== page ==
In physics-speak, the question is whether gravitational and inertial mass are the same. It’s something we always assume but have never proven and there are a number of ongoing programs to study the question.

Here’s how Chu’s work will change the game…


Harvesting energy from the airwaves

Monday, January 12th, 2009


Antennae are the most fundamental energy harvesting devices that we know, says Sung Nae Cho at the Samsung Advanced Institute of Technology in south Korea. So why aren’t they more widely used?

Turns out that helical antennae are already used to harvest energy and most of us probably own one already in the form of a transformers. These contain a helical winding that rectifies  AC into DC.

Cho points out that it has recently become possible to build nanohelices and that these might also be used for rectification. He’s designed a device that rectifies, not current, but electromagnetic waves. It consists of a nanohelix layer, a diode  layer and a capacitor layer, all the components of a standard rectifying circuit.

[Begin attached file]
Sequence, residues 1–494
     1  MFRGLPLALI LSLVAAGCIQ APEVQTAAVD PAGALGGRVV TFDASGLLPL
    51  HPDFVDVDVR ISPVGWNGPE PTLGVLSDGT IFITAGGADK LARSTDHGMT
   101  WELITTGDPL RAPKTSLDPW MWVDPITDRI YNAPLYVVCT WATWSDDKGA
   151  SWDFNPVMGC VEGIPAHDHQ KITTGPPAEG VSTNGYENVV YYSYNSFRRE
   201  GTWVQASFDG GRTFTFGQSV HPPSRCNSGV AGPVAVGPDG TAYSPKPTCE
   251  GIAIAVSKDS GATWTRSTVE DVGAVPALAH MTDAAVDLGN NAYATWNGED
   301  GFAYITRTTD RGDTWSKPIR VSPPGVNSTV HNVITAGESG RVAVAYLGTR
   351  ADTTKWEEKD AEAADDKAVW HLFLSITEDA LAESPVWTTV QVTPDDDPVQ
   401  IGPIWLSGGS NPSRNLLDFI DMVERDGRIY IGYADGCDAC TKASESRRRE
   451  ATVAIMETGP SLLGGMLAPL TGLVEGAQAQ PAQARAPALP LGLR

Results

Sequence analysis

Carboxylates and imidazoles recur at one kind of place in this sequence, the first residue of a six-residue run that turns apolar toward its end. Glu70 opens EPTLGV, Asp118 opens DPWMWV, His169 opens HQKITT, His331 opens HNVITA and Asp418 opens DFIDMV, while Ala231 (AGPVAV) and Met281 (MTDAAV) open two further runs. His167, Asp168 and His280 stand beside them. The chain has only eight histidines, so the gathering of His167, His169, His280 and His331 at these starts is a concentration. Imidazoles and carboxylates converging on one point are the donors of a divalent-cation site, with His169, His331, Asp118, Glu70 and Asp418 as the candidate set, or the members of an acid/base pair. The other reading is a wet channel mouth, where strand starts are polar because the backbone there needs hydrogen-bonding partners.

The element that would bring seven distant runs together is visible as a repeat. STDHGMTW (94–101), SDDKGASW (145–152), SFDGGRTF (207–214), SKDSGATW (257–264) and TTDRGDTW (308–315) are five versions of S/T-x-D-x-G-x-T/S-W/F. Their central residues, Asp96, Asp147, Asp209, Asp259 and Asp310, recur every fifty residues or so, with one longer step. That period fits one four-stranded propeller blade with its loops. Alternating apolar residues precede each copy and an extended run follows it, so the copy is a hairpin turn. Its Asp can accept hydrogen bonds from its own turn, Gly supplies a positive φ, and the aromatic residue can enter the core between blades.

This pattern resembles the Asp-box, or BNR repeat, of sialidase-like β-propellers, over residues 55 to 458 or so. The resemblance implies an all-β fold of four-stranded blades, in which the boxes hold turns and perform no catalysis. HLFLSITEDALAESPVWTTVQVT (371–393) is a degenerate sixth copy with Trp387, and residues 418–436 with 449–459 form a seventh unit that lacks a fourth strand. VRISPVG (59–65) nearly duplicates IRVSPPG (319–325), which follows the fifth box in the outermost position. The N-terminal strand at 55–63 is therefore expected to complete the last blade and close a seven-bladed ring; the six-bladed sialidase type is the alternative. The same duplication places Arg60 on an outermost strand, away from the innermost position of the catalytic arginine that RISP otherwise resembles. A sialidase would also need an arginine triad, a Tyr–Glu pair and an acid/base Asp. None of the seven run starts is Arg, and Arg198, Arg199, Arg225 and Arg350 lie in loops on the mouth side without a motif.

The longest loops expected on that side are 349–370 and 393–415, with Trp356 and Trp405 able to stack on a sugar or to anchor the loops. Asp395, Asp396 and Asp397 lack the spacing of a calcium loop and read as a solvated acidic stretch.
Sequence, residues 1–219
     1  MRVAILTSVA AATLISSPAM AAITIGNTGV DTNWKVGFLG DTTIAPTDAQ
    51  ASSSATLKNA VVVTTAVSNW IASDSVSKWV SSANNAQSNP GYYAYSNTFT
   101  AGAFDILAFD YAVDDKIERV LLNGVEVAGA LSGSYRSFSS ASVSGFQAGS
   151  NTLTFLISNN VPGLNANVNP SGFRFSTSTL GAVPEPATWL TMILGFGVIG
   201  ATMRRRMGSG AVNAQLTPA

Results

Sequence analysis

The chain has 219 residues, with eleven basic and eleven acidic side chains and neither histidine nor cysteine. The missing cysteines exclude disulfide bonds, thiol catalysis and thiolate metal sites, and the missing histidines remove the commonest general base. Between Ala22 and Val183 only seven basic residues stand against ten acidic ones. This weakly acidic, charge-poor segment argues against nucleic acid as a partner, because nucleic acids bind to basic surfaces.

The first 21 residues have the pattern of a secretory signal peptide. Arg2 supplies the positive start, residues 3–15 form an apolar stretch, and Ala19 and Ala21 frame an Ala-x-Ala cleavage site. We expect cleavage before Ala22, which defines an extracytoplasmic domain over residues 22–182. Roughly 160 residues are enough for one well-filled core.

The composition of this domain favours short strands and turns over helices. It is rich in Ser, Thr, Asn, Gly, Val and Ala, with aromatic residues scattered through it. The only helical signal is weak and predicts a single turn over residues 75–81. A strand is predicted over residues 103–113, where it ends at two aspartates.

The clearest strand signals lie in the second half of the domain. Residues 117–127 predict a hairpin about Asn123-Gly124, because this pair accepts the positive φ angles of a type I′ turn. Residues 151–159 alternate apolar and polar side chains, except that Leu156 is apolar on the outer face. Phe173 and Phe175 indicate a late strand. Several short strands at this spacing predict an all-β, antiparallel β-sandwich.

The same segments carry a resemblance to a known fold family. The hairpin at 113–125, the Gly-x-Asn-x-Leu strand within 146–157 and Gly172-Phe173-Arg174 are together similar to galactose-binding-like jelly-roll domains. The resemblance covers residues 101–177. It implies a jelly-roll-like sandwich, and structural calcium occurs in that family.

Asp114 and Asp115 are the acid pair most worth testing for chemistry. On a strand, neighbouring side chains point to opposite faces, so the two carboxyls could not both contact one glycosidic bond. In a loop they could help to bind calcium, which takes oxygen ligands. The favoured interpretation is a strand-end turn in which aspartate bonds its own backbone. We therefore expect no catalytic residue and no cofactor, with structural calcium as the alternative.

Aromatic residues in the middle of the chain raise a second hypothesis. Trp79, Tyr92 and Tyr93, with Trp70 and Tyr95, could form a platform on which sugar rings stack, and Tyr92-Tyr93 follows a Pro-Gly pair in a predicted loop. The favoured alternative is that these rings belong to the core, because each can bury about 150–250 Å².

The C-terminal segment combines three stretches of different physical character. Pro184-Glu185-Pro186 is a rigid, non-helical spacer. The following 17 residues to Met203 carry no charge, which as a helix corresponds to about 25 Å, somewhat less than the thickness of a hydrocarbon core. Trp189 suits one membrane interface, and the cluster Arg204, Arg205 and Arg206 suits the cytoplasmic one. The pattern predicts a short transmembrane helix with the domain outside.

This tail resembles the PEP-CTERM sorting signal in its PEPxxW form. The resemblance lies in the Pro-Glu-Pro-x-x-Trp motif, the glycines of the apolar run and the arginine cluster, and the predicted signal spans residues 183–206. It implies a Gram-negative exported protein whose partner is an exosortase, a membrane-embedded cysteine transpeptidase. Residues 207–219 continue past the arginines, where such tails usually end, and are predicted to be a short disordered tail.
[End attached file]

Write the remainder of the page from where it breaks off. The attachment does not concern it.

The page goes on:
The nanohelix layer consists of an array of  100 million “pixels” which each contain a single nanohelix. That makes the array no bigger than the imaging chips in digital cameras . Cho calculates that if only 10 per cent of the nanohelices harvest energy from ambient electromagnetic waves to the tune of 130 nA, then the device would produce 1.3A.

If he’s right, that’s a handy amount by any standards. Anybody volunteer to prove him right.